Supernovae are stellar blasts that herald the deaths of stars, and they can be so bright that they may briefly out-dazzle their complete great number galaxy. A particular class of supernovae, called kind Ia, proved to be a basic tool in the important discovery of the dark energy–a mysterious force that is causing the Universe to accelerate in its expansion, and consists of the lion’s proportion of the mass-energy part of the Cosmos. Nevertheless, the time of action that triggers kind Ia supernovae conflagrations has remained a question of Cosmic dimensions. However, astronomers announced at the January 2014 winter meeting of the American Astronomical Society (AAS), held outside of Washington D.C. in National shelter, Maryland, that NASA’s ill-fated, but nevertheless highly successful, planet-hunting Kepler Space Telescope had succeeded in the surprising discovery of two kind Ia supernovae explosions, that discarded captivating light on their mysterious origins.
The Kepler mission was the first space telescope to be launched that was capable of detecting Earth-size exoplanets in our Galactic neighborhood located in their stars’ habitable zones. Over 75% of the 3,500 exoplanet candidates spotted by Kepler sport sizes ranging from that of Earth to that of Neptune.
The habitable zone around a star is that “just right” Goldilocks vicinity where water, in its life-loving liquid state, can exist on an revolving world. Where liquid water exists, life as we know it can also evolve! This does not average that life definitely exists on such a happy watery world–but it does average that the possibility is there.
Kepler, launched on March 7, 2009, from Cape Canaveral, Florida had, as its dominant mission, the task of staring at more than 100,000 stars, hunting for small dips in their brightnesses caused by transiting planets. Kepler, a special-purpose spacecraft, was designed to precisely measure these tiny alterations of the light of those distant stars, in search of alien planets causing subtle dips in their bright, fiery light.
For all four years of its mission, Kepler stared relentlessly at a single patch of sky, gathering brightness measurements every half hour. Sometimes the telescope fortuitously spotted tiny dips in a star’s brightness, suggesting that planets had made a transit–that is, passed in front of–the glaring confront of a parent-star. Unfortunately, the Kepler mission came to a premature end when a piece of its equipment failed in May 2013.
In late 2009, Dr. Robert Olling, an astronomer at the University of Maryland in College Park, began to think about what Kepler might be able to do if it also turned to stare at galaxies. Dr. Olling, who studies supernovae and black holes, realized that, like stars, galaxies sparkle with comparatively consistent brightnesses. However, in the event of some uncommon occurrence–such as the feeding frenzy of a voracious black hole, or the fatal explosion of a giant star–a galaxy’s radiance could greatly strengthen. After Dr. Olling and two of his colleagues, Dr. Richard Mushotsky and Dr. Edward Shaya, also of the University of Maryland, submitted a proposal to the Kepler team, the telescope began staring at 400 galaxies dancing around in its field of view.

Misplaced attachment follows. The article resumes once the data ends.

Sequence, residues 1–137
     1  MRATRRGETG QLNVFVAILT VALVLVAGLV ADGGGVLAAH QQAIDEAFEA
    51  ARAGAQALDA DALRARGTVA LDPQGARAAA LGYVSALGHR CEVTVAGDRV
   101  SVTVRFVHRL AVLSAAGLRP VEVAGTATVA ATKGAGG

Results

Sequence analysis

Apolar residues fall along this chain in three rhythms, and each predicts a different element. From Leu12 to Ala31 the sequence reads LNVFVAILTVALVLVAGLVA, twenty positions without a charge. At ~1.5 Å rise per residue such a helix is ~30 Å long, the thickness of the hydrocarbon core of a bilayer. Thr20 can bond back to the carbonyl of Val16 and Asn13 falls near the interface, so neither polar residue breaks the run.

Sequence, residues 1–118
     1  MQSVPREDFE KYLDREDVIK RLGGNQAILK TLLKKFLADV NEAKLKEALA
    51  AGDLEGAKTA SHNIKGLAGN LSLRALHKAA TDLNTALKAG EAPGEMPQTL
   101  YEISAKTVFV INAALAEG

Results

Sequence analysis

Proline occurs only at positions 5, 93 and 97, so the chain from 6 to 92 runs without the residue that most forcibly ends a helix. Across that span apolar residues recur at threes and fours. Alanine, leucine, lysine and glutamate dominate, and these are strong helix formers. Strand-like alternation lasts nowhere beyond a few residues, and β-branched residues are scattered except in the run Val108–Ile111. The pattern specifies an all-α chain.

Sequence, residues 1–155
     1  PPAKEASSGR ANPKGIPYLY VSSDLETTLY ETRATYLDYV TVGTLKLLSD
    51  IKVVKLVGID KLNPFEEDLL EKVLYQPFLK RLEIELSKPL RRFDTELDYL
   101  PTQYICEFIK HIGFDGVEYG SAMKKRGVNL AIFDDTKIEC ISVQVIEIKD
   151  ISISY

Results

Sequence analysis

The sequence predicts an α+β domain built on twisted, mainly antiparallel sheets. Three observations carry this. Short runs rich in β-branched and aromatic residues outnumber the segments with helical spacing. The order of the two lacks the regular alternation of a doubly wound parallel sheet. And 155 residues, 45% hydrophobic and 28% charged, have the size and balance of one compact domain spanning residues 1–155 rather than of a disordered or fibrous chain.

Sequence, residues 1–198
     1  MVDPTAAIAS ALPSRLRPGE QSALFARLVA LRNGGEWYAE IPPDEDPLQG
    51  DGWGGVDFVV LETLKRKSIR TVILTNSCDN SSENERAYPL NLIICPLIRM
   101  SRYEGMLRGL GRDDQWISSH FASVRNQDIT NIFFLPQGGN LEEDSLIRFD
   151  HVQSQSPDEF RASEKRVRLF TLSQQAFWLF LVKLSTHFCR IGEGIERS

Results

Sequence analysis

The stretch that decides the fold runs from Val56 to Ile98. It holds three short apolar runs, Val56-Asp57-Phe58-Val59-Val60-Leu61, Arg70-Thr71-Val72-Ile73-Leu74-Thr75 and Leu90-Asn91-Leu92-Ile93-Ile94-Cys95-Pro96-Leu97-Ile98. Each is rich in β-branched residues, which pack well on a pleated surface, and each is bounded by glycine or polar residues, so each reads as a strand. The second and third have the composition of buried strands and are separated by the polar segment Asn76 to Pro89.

What A Blast!
Most supernovae blast off when a lone, lonely star explodes and “dies”. Frequently, the supernova progenitor is a heavy star, with a enormous chief weighing-in at about 1.4 solar-masses. This is what is called the Chandrasekhar limit. Smaller, less weighty stars–like our own Sun–usually do not perish in the bright violence of explosive supernovae blasts, like their more enormous stellar kin. Small stars, like our Sun, go much more “gentle into that good night”, and perish in relative peace–and great beauty. Our Sun, at this point in time, is a very ordinary and rather petite (by stellar-standards), main-ordern (hydrogen-burning) star. It appears in our daytime sky as a large, enchanting, brilliantly sparkling golden sphere. There are eight major planets, a multitude of bewitching moons, and a high assortment of other, smaller bodies in orbit around our Sun, which dwells happily in the far suburbs of a large, majestic, barred-spiral Galaxy, our Milky Way. Our Sun will not live forever. Like all stars, it is doomed to perish, at some point–but, in our Sun’s case, not for a very long time. A star, of our Sun’s comparatively small mass, can “live” for about 10 billion years, blissfully fusing the hydrogen of its chief into heavier atomic elements, in a course of action termed stellar nucleosynthesis.
However, our Sun is not currently a bouncing stellar baby. In fact, it is a middle-aged star. However, it is experiencing an active mid-life, and is nevertheless exuberant enough to go on merrily fusing hydrogen in its chief for another 5 billion years, or so. Our Sun is currently about 4.56 billion years old–it is not young by star-standards, but it isn’t exactly old, either.
When stars like our Sun have at long last managed to fuse most of their supply of hydrogen, they begin to grow into glowering, swollen red giant stars. The now-elderly Sun-like star produces a heart of helium, surrounded by a shell in which hydrogen is nevertheless being fused into helium. The shell puffs itself up outward, and the star’s dying heart grows ever larger, as the star grows older. Then the helium heart itself begins to shrivel up under its own weight, and it becomes ever hotter and hotter until, at last, it has become so searing-hot at its center that the helium is now fused into the nevertheless-heavier atomic component, carbon. The Sun-like, small star ends up with a small, extremely hot heart that churns out more energy than it did, long ago, when it was a younger main-ordern star. The outer layers of the elderly, dying star have puffed up to hideous dimensions. In our own Solar System, when our Sun has finally gone Red Giant, it will cannibalize some of its own planetary-children–first Mercury, then Venus–and then (perhaps), the Earth. The temperature at the flaming surface of this ghastly Red Giant will be considerably cooler than it was when our Sun was nevertheless an enchanting, young, vibrant main-ordern tiny, tiny Star!